As you know, we, in some extraordinary foresight, took a hiatus for 2020 to work on growing the number of readers for our authors. During that time period, Dave, my partner in crime, finished his MBA. Between the two of us we now have 5 hard-earned degrees, in addition to over 50 years combined experience in editing, publishing, and nurturing creative writing.
I can tell you that Dave worked extremely diligently on his degree, usually every weekend and two-three nights each week. He was top of his class, and he learned a lot about how to market, something every author needs to take a look at in addition to any publisher the writer may work with.
This is all part of our commitment to be the best choice for your publisher, and the best choice for your bookshelf.
Congratulations Dave; I could not do this without you, and thank you for sharing the dream, and working so hard and consistently to fulfill it.
Dianne and I just completed our sixth anthology, entitled WHAT SORT OF FUCKERY IS THIS?It was a long project, easily the longest project (both in terms of book length and number of contributors) we’d undertaken in our fledgling publishing endeavor. At times I wasn’t sure we could pull it off.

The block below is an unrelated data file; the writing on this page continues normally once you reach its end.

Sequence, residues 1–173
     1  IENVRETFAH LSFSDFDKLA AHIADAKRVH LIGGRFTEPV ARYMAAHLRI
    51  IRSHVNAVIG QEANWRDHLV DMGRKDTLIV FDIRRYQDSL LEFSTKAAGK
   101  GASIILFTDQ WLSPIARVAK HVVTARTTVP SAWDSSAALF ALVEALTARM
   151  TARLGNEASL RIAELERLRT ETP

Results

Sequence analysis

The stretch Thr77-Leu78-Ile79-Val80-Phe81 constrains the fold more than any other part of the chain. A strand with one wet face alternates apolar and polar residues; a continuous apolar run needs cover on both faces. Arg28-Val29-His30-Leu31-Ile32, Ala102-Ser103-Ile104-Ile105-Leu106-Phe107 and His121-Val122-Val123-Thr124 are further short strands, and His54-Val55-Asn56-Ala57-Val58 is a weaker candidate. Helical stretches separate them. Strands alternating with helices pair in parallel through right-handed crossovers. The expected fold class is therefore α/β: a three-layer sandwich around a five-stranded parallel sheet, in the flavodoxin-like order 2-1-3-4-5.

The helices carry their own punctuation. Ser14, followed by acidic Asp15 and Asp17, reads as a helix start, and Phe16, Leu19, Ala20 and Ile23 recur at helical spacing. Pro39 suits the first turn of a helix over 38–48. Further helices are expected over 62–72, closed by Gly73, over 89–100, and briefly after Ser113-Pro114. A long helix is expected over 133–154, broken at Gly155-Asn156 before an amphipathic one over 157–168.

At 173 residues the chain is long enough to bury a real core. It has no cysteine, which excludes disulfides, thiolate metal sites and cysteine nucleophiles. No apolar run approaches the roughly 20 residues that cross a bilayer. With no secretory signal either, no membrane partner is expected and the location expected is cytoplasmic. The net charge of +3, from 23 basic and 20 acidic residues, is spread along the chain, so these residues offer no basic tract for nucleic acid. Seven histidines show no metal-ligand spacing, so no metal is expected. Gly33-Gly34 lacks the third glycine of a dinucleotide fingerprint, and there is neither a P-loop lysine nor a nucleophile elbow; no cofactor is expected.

It may come as no surprise to learn that it takes longer to produce a collection than it takes to produce a full-length novel. The main reason, in my experience, has been that there is a lot more to do in terms of communication. When producing a novel, we’re working with a single individual. Conversely, when producing a collection with upward of 40 or so contributors, a lot more messaging is going on throughout the entire production process. It’s not good, but it’s not bad either. It’s just part of the business, though it does take time.
Of course, working with a number of authors means that you get to learn a bit about them. Not a lot, but a few things. With this most recent collection, I’ve been fortunate to engage with a few of the contributors beyond their manuscripts. Those brief exchanges mean a lot to me because they help me in terms of humanizing the authors we publish. For example, it’s pretty unlikely I’m going to meet face to face with one of our international authors during the production cycle. But in exchanging messages with them that transcend the work we are each doing, there is a greater sense of knowing each other. Which brings me to author bios.
I probably enjoy reading the author bios of our contributors as much as their actual work. Every bio is unique. Of course it is. And every author has a story to tell. I’m not referring to the work they are producing but the actual lives they’ve lived that has resulted in their unique, one-of-a-kind author bio that will publish in the collections where their stories are found. We also publish these bios on our website with photos of our authors. I cannot tell you how much I enjoy this small aspect of the process. Matching a face to a bio makes it even more real for me. To date, I believe we have worked with 59 authors in 21 months. Sometimes I wonder how we get it done.